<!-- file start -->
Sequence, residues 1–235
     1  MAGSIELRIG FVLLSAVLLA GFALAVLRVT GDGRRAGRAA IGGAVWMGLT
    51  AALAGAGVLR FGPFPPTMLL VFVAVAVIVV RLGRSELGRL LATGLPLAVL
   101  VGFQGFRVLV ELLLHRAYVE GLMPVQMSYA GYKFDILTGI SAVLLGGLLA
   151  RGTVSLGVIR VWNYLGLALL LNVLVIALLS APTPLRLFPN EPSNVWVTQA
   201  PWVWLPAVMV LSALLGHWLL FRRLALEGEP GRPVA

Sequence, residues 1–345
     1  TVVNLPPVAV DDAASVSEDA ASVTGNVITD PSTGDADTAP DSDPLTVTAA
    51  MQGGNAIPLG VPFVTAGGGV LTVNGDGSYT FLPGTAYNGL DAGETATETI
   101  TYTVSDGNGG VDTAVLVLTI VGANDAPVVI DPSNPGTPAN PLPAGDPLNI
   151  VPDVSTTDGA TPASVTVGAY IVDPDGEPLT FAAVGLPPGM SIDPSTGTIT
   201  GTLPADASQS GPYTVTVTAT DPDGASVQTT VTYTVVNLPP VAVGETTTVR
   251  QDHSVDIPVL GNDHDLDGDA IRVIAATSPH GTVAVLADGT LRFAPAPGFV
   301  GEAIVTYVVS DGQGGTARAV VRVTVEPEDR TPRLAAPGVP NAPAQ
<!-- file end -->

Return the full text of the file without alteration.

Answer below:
Sequence, residues 1–235
     1  MAGSIELRIG FVLLSAVLLA GFALAVLRVT GDGRRAGRAA IGGAVWMGLT
    51  AALAGAGVLR FGPFPPTMLL VFVAVAVIVV RLGRSELGRL LATGLPLAVL
   101  VGFQGFRVLV ELLLHRAYVE GLMPVQMSYA GYKFDILTGI SAVLLGGLLA
   151  RGTVSLGVIR VWNYLGLALL LNVLVIALLS APTPLRLFPN EPSNVWVTQA
   201  PWVWLPAVMV LSALLGHWLL FRRLALEGEP GRPVA

Sequence, residues 1–345
     1  TVVNLPPVAV DDAASVSEDA ASVTGNVITD PSTGDADTAP DSDPLTVTAA
    51  MQGGNAIPLG VPFVTAGGGV LTVNGDGSYT FLPGTAYNGL DAGETATETI
   101  TYTVSDGNGG VDTAVLVLTI VGANDAPVVI DPSNPGTPAN PLPAGDPLNI
   151  VPDVSTTDGA TPASVTVGAY IVDPDGEPLT FAAVGLPPGM SIDPSTGTIT
   201  GTLPADASQS GPYTVTVTAT DPDGASVQTT VTYTVVNLPP VAVGETTTVR
   251  QDHSVDIPVL GNDHDLDGDA IRVIAATSPH GTVAVLADGT LRFAPAPGFV
   301  GEAIVTYVVS DGQGGTARAV VRVTVEPEDR TPRLAAPGVP NAPAQ